Saturday, 6 August 2011

Lino Tagliapietra, Italian Glass Master at Sunbeam Glass

Lino Tagliapietra was born in Murano in 1934, and has a long career as a maestro in making glass.  Significantly, through his connection with Dale Chihuhly, he fostered the process of sharing the Muranesi glass making skills, until then closely guarded secrets, with the wider world.  Lino taught at Pilchuck in Washington in 1979, and undertook teaching, classes and demonstrations in many parts of the world.

In 1990 Garry Nash and NZSAG arranged for Lino to give a masterclass at Garry's Sunbeam Glass studio in Ponsonby.  I was thrilled to have an opportunity to visit one of the sessions at Garry's invitation.  Lino made a number of pieces during his time here, and I was delighted recently to be able to add one of those to my collection after it was offered on TradeMe.

This dolphin goblet is a classic example of Venetian glass making, but it is signed Lino Tagliapietra NZ 90.  It's made in clear glass, but the eyes are red murrini with white centres.  It's just under 20 cms high.

 After I bought it, I asked Garry and Peter Viesnik, who was NZSAG President in 1990 what they could tell me about it.  Peter replied: 'this was the one goblet Lino made that I really wanted to buy and Danny Keighley beat me to it by asking Lino if he could buy it before they were put up for sale in Garry's workshop! I was very disappointed.  Was it Danny who sold it?'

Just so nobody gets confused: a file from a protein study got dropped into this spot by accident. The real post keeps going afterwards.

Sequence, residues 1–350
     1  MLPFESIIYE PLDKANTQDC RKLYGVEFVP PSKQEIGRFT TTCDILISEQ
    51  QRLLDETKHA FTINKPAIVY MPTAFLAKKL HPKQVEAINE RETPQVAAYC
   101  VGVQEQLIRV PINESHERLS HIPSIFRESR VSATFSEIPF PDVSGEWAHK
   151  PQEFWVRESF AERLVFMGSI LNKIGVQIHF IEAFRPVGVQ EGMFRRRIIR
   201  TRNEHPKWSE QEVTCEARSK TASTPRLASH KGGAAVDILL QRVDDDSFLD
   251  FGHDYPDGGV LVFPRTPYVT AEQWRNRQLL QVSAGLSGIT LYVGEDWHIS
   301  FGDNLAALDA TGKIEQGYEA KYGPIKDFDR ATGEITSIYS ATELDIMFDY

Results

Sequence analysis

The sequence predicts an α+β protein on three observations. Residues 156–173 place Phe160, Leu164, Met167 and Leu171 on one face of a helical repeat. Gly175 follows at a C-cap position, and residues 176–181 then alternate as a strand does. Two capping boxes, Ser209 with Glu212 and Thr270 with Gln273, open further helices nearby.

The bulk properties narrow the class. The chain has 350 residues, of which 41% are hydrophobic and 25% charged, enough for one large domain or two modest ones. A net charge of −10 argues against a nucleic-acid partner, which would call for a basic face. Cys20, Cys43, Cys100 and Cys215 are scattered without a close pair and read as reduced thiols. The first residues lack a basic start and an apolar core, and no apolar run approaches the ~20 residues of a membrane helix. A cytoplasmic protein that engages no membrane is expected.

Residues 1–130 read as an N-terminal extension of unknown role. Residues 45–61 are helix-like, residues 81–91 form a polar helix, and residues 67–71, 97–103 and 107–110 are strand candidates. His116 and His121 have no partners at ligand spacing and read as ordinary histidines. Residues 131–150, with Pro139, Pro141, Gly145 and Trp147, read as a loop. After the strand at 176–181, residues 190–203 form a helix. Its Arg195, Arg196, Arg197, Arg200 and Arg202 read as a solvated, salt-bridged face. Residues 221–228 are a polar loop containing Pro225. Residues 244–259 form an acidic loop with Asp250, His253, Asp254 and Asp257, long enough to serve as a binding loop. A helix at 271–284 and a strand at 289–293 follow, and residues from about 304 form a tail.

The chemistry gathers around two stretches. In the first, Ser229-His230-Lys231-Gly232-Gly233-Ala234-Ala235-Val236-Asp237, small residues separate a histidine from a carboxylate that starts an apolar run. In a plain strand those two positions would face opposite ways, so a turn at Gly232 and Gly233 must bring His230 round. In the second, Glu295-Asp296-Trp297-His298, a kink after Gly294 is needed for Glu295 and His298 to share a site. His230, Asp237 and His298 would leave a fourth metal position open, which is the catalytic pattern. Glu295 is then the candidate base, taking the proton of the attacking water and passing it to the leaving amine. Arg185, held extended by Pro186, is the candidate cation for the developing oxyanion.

It was indeed Danny Keighley, but I confess I was not familiar with the name. You live and learn.  Danny was part of the original Sunbeam Cooperative of John Croucher and James Walker.  He has told me he blew glass for some years from the 'Egg Furnace'.  Danny said: 'John Croucher was probably my best guide initially, and we struggled to 'wrench' shapes from glass when we should perhaps have been more fluid in our approach - but we did some good work.  I took on the role around 1980 of touring the country with boxes of mediocre glass vessels blown by everybody and persuading craft shops to take one or two.  Their interest grew, but was minimal initially.'

Danny has told me more as well, but this blog is supposed to be about Lino.  The remarkable thing about that Sunbeam workshop was that not only was Lino there, but also two American master glass makers who had learned with him at Pilchuck, Dante Marioni and Dick Marquis. I was too new to the world of glass to understand then just how significant this was, but as Garry has said the workshop is still talked about today among glass artists, several of whom were greatly influenced by their exposure to these masters.  I have a dolphin goblet Garry made in 1990 directly as a result of that influence.  Sadly it has come apart, so I can't include a photo, but it's still a treasured piece.